Costs – main costs are borne by the government apprenticeship programme. CVLLP will add heritage and environment value added to the core training.

Risks and constraints

Operational Risks

Risk: Key staff retention and relationships with our training partners need to be built up over time, staff recruitment and retention is therefore important.

Contingency planning: Project is over a reasonable timescale compared to many other projects of 12 to 18 months; this should attract committed staff.

Risk: long term staff absence, for example maternity leave or illness, could affect the success of the project. Risk of breakdown in the SRH’s relationship with the trainer will be addressed with a SLA.

Contingency planning: Contingency budget to pay for cover for staff if necessary.

Project Risks

Risk: Lack of placements for apprentices with local farmers. Changes to the education service for identifying applicants. The Farming Ambassador corridor breaks down from failure to engage ambassadors.

Contingency planning: This project has been conceived with the Staffordshire Rural Hub specifically as they have the ‘ear’ of the agricultural community; however, it can still be difficult to engage farmers. Potential lack of placements has been addressed in the TNA undertaken in 2011, which identified possible farmer participants. The TNA has produced a comprehensive schedule of farmers in the project area. We have also engaged with NFU and YFC to promote the scheme and identify and motivate the ambassador network.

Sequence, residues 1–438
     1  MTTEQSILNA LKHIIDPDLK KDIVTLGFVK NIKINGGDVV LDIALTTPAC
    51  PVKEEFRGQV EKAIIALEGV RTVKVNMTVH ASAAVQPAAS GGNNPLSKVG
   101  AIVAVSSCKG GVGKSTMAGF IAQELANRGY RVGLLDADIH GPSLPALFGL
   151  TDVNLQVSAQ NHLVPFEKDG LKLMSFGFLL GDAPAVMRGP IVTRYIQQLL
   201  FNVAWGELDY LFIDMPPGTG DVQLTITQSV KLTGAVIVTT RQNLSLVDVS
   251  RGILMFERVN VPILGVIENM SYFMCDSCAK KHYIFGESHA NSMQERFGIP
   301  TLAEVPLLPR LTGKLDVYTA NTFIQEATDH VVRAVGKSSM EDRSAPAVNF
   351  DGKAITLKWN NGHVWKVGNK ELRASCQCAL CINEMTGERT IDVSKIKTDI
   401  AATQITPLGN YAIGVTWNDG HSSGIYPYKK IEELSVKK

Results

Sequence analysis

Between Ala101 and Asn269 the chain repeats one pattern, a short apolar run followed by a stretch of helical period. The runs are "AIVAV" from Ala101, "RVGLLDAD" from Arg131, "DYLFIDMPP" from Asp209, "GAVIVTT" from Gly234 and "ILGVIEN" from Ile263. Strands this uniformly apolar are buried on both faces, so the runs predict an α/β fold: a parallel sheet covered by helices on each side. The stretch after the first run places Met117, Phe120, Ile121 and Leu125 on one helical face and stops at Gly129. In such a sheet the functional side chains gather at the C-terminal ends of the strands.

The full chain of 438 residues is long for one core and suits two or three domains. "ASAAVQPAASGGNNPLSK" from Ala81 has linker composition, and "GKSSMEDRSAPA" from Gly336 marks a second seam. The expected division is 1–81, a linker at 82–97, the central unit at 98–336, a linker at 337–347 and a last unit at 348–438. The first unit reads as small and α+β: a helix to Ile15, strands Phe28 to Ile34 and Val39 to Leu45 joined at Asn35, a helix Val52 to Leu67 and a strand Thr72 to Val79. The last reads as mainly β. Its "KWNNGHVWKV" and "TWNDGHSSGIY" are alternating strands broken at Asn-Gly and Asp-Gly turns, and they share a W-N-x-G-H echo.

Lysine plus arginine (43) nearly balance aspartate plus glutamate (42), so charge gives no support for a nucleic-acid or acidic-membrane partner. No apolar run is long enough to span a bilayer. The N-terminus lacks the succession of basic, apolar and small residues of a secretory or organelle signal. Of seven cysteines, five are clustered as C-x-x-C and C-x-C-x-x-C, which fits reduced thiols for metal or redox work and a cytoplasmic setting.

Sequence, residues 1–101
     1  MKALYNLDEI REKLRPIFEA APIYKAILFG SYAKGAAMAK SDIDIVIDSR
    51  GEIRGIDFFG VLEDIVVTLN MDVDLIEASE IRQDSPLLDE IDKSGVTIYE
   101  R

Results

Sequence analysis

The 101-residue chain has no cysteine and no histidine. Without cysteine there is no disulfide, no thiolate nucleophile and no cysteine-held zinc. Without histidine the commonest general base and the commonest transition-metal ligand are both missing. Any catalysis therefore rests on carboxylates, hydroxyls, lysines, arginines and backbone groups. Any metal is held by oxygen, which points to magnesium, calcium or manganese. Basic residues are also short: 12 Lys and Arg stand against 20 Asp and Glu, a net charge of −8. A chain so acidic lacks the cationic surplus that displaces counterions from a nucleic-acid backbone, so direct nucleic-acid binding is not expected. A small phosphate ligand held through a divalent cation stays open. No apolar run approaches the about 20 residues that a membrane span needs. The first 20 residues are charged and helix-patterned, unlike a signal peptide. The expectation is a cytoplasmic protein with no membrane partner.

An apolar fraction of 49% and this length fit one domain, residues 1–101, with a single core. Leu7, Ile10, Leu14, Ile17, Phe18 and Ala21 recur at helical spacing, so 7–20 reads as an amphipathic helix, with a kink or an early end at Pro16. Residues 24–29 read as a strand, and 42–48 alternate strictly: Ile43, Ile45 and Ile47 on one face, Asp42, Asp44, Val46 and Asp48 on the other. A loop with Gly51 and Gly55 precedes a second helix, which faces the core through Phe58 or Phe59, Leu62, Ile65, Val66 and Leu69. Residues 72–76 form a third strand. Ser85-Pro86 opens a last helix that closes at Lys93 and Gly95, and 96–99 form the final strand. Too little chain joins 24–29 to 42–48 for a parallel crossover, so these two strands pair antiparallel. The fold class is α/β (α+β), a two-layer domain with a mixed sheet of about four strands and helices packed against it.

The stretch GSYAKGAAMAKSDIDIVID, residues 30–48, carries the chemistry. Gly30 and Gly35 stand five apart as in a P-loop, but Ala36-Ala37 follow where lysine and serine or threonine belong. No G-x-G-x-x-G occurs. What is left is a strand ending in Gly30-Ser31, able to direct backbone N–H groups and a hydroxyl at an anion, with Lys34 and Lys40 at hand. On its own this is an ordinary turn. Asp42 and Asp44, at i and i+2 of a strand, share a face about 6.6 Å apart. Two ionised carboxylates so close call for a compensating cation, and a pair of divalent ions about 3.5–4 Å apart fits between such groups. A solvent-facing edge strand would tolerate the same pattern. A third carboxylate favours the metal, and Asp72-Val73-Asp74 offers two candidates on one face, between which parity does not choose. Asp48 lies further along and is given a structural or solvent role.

Post Project Failure Risks

Risk: Farmers find themselves too busy to take on apprentices, particularly once the small financial incentive is withdrawn.

Contingency planning: During the project we aim to grow a bank of farmers and landowners willing to take on apprentices. With greater opportunities for placements we would anticipate a greater number of environmental apprenticeship opportunities opening in CVLLP beyond the life of the scheme. SRH will continue to support farmer groups, promote training and actively encourage environmental economy amongst local landowners and will continue as a go-between for placements.

Climate change

SRH will work with the landowner community through the apprenticeship scheme, to help them adjust to issues relating to climate change and to help them better understand how good management can help buffer the wildlife important sites on their land from the results of climate change.

Invasive species

SRH apprentices will take the opportunity to work with the Participation Team to involve as many people as possible in the Himalayan balsam pulling project.


Our apprentices and their supervisors will maintain high levels of biosecurity within their site work, particularly with reference of Phytothfera contagion between woodland parcels. They will also work with others to raise the awareness of biosecurity issues within the valley.

Environmental Policy

Green Procurement: Within our project SRH will identify and 'economise' the biodiversity resources of the Churnet Valley, by purchasing/using local products to deliver elements of the project. For the appointment of contractors and supervisors SRH will make use of the EU Green Procurement Toolkit to maximise environmental benefit.

Follow Environmental Policy: SRH’s delivery team will be expected to adhere to the SRH Environmental Policy.